Careless and carefree, the son and daughter of English parents live a happy, impoverished life in Naples until the arrival of a British family brings them an awareness of class difference and Victorian sensibilities. What must have seemed very clear and tragic to contemporaries of Macauley, appears overly subtle and unwonted to modern American eyes, so the novel, while full of well-executed description and fine characterization, doesn't go anywhere. The siblings are left a little sadder and wiser, but still together; the interfering family not much affected, and the reader let down.
Don't miss this one, sf lovers! One of the most influential science-fiction stories in the genre, Stanley G. Weinbaum's delightful "A Martian Odyssey" remains highly readable. Unlike many pre-Golden Age works, "A Martian Odyssey" holds up beautifully. A fun read, the story moves along briskly, and Weinbaum's breezy style is surprisingly fresh add modern.
The picturesNASA's Mars Odyssey and other unmanned explorers of Mars may have superseded Weinbaum's 1934 speculations, but only the most narrow-minded of readers will fault the story for depicting a different Mars from the one revealed later. The rest of us are wishing that the real Mars more closely resembled Weinbaum's!
After rescue by comrades on the first Terran ship to land on the Red Planet, astronaut Dick Jarvis, describes the trek he made across Mars after his exploratory vehicle failed, and his encounter with Tweel, a friendly and intelligent but inscrutable Martian. Weinbaum's avoids exposition by making, but for a few interjections from his colleagues, Jarvis's narration form the whole of the story, but even so it's a bit talky -- a minor flaw.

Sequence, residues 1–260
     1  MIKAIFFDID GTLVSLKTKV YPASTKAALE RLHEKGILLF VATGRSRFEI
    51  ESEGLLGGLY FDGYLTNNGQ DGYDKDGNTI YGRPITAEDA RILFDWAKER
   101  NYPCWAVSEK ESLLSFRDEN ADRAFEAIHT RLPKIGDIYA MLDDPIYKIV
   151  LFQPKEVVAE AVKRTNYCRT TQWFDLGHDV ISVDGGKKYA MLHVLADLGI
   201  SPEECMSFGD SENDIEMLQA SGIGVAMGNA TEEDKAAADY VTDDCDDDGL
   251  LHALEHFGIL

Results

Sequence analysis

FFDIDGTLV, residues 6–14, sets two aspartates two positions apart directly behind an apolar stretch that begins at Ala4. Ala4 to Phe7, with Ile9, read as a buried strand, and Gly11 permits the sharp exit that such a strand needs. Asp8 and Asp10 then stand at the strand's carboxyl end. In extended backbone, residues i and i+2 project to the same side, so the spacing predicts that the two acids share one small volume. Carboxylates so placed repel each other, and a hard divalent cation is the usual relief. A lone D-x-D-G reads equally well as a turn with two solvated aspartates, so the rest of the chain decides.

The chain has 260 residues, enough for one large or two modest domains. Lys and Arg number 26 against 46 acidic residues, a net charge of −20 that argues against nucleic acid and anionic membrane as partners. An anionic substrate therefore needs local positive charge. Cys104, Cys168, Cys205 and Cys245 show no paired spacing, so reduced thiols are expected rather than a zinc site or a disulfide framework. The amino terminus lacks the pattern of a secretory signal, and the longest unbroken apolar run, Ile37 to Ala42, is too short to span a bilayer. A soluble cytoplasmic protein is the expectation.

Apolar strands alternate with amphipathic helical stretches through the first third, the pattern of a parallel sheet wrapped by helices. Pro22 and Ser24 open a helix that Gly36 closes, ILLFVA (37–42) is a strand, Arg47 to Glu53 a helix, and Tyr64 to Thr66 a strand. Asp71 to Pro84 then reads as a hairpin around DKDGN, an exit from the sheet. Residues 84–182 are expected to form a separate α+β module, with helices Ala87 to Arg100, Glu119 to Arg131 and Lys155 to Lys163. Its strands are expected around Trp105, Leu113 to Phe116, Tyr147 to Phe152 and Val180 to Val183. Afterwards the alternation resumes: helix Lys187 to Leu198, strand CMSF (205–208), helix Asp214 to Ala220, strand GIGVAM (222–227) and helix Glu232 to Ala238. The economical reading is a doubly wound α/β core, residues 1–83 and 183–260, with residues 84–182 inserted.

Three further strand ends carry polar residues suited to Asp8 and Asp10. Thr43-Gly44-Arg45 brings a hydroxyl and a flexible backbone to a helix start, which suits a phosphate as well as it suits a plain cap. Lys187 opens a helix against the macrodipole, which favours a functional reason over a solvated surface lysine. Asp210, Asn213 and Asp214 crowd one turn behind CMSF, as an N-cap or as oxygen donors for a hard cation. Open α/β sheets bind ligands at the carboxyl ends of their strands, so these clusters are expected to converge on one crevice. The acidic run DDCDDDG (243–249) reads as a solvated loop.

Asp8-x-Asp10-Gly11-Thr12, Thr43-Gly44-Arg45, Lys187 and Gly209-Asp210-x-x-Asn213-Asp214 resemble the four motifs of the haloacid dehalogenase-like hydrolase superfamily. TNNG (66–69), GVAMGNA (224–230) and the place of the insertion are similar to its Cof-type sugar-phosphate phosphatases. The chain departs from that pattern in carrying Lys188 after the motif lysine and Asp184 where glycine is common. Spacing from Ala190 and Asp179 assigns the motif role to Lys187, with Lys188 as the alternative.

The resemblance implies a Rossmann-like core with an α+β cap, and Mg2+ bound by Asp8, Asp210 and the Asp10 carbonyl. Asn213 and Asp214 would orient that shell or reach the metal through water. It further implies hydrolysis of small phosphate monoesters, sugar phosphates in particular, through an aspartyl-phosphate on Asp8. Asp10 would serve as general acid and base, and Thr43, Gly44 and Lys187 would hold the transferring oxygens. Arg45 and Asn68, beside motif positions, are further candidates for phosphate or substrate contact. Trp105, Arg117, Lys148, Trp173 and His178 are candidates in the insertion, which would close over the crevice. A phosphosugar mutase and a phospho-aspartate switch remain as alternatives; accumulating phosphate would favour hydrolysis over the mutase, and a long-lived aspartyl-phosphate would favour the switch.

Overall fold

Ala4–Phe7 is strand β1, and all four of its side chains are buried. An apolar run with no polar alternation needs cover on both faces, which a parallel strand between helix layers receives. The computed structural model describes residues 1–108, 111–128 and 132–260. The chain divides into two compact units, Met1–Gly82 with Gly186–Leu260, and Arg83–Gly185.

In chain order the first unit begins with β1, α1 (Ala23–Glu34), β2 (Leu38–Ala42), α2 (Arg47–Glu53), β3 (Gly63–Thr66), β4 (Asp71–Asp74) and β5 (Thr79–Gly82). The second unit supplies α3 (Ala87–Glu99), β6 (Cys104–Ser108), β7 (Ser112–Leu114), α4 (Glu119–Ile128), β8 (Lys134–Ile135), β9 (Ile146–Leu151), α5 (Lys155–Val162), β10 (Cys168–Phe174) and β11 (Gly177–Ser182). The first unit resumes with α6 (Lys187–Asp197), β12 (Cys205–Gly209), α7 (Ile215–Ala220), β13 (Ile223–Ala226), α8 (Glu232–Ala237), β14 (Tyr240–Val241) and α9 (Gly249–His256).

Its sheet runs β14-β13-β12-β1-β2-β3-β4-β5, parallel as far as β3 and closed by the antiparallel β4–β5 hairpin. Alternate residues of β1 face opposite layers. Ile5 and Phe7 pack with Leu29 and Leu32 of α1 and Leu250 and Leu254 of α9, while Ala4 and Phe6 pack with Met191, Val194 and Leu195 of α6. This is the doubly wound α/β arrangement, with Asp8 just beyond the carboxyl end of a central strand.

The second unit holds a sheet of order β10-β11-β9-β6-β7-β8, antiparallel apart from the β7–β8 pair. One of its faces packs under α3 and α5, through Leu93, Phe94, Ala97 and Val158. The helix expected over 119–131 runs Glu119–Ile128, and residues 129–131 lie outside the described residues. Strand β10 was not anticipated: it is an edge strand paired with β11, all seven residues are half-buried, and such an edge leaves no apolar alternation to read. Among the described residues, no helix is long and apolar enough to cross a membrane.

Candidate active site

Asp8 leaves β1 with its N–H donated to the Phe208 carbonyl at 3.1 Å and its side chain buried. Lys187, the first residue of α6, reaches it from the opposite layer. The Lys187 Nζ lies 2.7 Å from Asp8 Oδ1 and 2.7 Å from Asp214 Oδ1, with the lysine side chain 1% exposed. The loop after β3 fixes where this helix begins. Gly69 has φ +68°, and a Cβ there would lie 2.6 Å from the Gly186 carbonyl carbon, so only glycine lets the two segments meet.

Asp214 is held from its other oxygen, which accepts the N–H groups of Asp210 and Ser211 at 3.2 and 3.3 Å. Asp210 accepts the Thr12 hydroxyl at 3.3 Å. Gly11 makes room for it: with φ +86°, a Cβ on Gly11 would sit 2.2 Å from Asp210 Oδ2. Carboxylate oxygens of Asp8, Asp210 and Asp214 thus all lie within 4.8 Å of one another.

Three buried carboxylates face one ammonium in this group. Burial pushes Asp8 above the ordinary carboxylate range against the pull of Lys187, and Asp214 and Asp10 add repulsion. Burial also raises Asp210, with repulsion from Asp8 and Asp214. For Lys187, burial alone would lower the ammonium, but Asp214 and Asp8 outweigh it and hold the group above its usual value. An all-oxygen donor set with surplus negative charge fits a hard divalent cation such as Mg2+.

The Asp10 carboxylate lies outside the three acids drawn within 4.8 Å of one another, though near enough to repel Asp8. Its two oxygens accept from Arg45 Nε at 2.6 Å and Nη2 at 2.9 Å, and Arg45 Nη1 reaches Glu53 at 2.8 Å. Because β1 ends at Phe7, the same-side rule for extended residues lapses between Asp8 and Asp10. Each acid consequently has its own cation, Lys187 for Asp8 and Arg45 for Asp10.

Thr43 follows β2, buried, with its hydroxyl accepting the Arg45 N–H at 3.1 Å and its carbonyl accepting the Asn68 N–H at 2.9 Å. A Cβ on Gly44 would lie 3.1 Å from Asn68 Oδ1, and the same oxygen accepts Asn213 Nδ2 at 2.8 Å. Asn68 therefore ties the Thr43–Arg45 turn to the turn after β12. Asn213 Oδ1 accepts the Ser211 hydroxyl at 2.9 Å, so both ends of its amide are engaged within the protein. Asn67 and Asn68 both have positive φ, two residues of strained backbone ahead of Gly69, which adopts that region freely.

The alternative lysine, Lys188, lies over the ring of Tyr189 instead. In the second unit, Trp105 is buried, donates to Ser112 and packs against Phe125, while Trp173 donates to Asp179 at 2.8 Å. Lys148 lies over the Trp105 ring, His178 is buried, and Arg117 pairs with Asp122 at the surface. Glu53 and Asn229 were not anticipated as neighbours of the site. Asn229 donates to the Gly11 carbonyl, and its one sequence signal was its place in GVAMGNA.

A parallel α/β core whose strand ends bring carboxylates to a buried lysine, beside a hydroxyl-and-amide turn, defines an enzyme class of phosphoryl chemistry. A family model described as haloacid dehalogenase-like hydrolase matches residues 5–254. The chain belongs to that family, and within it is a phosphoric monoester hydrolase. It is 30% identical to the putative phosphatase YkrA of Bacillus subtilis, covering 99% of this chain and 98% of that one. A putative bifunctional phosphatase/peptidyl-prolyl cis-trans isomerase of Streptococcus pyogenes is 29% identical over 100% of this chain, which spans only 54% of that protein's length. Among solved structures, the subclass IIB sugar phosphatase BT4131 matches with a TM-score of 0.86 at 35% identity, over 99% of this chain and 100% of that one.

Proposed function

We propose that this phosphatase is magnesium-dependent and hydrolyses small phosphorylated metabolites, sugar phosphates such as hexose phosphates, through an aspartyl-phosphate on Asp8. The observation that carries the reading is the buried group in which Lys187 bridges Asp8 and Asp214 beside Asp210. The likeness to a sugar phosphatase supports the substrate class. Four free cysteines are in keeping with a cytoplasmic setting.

The first alien in sf to be more than a prop, Tweel forms a milestone in the genre's development, and if you want to claim a thorough grounding in the field, "A Martian Odyssey" should be on your list of must-reads. Even if you don't, you should read this, because it's a great story. Enjoy!
A beautifully written, bittersweet story of the love between an old sea captain and the shipwrecked baby girl he rescued and reared alone on a lighthouse island.
One of the first murder mysteries to be a U.S. bestseller, this absorbing novel offers a complex, twisting plot, with many secrets not uncovered till the very end. Its biggest drawback is the conclusion, which comes as something of an anticlimax after the buildup to it.
Lawrence Blakely, an attorney carrying important papers, stumbles on a murder aboard a train; meanwhile his bag containing the documents has been stolen, along with his clothes, and he's being accused of the killing when the train is wrecked. He and a mysterious young woman may be the car's only survivors. Told with humor and suspense, it shows why Rinehart was so popular.